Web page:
Read Convenience Store Woman. It’s wonderful.
I won’t tell you NOT to read this one but, at the risk of being spoilery, be prepared for abuse, sexual assault of a minor, incest, violence, and last but not least- cannibalism.
I learned about this book through the National Book Award shortlist discussion video on the YouTube channel, Ink and Paper Blog, and was able to get a copy from my library.
The synopsis describes a vacationing family who are approached by the owners of the house they rented with news of a blackout in New York City. Who can be trusted? What has happened to the world beyond this isolated vacation home?
My initial impression was one of reserved optimism. I got a sense of the author’s talent, but also a sense of his ego: I knew that he knew he was talented. I feel like it is very obvious when an author is showing off his vocabulary, or how “above it all” he is. I also think that this tends to come across in gratuitous use of sexual language where it really has no place; vulgar thoughts that have no point and sex scenes that are emotionally distant. We get it, we get it… “vacation makes you horny.”
Even with these issues, I was immediately hooked. Alam crafted an intensely suspenseful and unsettling atmosphere. I posted my first thoughts of the book on Instagram, likening the book as a whole to the character, Schmidt, from New Girl; one sentence would have me cringing and demanding a dollar for the douche jar, but another sentence would have me relating to the endearing sentiments of parental love and spousal appreciation.
As I read on, I realized this book was not the dark literary fiction I was expecting… this book is a thriller! I don’t typically read, let alone enjoy, thrillers. While not exactly a fast paced plot, the suspense makes this quite the page turner. And while this book is not really horror, I found it terrifying! Alam did a FANTASTIC job getting the every day, baseline, fear level of parenthood in general down on the page. That sense of fear is then elevated by the position the characters find themselves in. What is scarier than parenthood, but parenthood at the end of the world?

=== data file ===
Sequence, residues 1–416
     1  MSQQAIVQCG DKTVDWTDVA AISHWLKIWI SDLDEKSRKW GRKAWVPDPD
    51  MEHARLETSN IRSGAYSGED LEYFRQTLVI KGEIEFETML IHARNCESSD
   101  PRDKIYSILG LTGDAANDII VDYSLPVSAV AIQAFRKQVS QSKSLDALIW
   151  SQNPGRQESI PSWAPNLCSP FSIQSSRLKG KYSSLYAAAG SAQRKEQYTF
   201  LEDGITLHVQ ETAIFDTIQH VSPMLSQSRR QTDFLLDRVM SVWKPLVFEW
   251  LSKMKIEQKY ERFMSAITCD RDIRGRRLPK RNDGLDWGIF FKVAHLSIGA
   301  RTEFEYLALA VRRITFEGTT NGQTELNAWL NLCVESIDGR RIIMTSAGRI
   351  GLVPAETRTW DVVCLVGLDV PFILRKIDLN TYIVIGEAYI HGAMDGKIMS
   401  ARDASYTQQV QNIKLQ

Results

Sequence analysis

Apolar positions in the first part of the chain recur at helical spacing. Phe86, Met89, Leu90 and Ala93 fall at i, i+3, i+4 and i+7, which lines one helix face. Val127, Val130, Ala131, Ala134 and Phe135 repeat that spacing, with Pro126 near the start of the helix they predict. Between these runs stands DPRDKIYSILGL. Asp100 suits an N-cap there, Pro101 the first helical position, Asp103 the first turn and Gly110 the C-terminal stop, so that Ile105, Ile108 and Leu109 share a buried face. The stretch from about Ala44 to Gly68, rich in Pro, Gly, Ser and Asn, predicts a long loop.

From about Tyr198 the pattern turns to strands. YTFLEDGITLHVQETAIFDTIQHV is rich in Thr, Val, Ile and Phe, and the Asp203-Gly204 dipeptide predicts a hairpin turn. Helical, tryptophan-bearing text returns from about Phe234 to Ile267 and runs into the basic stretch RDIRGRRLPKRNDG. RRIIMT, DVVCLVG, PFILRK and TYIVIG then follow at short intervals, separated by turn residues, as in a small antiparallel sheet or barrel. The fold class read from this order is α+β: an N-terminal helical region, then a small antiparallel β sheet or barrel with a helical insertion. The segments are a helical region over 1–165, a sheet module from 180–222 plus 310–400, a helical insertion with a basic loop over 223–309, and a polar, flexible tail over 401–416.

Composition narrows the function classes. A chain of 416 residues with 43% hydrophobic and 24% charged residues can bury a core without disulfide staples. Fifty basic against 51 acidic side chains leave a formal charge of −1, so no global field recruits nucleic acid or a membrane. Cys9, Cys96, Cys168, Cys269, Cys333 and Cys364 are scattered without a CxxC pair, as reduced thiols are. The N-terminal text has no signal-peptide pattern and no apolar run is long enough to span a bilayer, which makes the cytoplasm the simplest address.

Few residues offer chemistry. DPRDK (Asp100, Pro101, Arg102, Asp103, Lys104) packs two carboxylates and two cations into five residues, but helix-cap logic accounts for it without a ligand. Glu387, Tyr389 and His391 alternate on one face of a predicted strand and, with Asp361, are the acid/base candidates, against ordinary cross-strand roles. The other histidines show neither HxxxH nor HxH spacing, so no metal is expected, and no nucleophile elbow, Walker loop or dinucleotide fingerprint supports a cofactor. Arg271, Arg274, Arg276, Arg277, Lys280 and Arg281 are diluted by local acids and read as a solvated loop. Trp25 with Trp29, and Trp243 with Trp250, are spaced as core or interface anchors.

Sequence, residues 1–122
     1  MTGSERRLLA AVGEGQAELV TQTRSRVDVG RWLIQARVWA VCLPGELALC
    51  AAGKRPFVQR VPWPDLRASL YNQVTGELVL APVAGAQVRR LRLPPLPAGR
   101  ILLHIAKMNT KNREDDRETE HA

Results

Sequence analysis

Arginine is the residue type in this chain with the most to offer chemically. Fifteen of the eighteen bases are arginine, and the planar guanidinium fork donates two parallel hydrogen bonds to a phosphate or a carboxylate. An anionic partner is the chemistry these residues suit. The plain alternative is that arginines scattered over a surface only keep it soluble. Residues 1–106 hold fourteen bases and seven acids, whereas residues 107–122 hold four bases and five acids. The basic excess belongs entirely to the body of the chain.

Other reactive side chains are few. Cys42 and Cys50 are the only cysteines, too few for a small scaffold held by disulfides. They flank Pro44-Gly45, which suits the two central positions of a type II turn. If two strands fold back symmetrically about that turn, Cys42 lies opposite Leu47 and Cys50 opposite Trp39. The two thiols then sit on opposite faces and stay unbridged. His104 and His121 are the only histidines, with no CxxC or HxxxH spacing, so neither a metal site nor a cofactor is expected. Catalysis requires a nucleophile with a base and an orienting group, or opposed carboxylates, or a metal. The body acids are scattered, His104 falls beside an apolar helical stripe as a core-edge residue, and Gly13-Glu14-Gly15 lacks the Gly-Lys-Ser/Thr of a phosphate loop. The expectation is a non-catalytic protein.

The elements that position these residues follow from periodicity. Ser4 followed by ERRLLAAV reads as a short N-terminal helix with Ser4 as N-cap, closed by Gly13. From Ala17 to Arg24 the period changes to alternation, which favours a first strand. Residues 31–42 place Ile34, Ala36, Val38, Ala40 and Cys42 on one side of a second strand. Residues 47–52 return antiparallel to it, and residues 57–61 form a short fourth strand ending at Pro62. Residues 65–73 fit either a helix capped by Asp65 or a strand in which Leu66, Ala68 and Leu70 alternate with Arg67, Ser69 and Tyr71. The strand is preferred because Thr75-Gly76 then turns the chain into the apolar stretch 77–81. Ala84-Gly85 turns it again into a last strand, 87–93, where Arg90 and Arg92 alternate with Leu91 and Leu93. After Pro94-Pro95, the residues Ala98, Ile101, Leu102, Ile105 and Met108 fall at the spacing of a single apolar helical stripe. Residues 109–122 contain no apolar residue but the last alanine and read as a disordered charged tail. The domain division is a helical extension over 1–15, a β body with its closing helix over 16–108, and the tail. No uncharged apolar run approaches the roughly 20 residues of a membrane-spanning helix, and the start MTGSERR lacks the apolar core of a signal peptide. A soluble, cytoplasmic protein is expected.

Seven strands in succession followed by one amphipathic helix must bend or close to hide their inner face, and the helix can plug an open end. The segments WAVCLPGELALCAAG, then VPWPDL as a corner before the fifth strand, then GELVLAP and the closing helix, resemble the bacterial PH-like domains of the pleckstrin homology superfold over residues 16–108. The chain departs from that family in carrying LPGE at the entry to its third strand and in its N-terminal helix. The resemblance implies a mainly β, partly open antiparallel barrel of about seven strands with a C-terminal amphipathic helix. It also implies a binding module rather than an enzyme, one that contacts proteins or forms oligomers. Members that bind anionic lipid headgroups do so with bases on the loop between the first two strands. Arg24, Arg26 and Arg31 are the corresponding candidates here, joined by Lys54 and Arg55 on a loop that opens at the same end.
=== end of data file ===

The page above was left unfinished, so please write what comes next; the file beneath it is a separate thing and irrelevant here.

The parents in this novel have to put on brave faces for their children, feel the overwhelming instinctual drive to protect them… but from what? They want to get to safety and normalcy somewhere else, and yet they can’t help but retreat into the perceived safety of the walls around them. Stay home, stay safe. Sound familiar? I truly believe that the experiences of this past year put me in a position to really relate to these circumstances, different though they are.
Because the narrative follows a small group who have to idea what is going on, the author relies on interjections of the “little did they know…” variety. It was annoying, but necessary. Eventually the reader knows more than the characters, while still not knowing exactly what happened.
It doesn’t feel quite right to say I “enjoyed” this book. It wasn’t fun. It wasn’t easy, or pleasant. It played my anxiety like a fiddle. Honestly, had I read it the week before Christmas, when I first got it from the library, it might have been something I would have to DNF. It reminded me of when, back in April, I would randomly cry and wish I had never read Station Eleven. It is a very bleak, worst case scenario elevated by isolation and complete lack of communication/information from the rest of the world. My gut reaction upon finishing was to say: “Did I like it? I think so. Did I hate it? Yup!” I hope that makes sense, because I stand by that assessment.
Ultimately I do recommend this book. I used the CAWPILE fiction rating system developed by G at Bookroast and came up with a 4/5 star rating.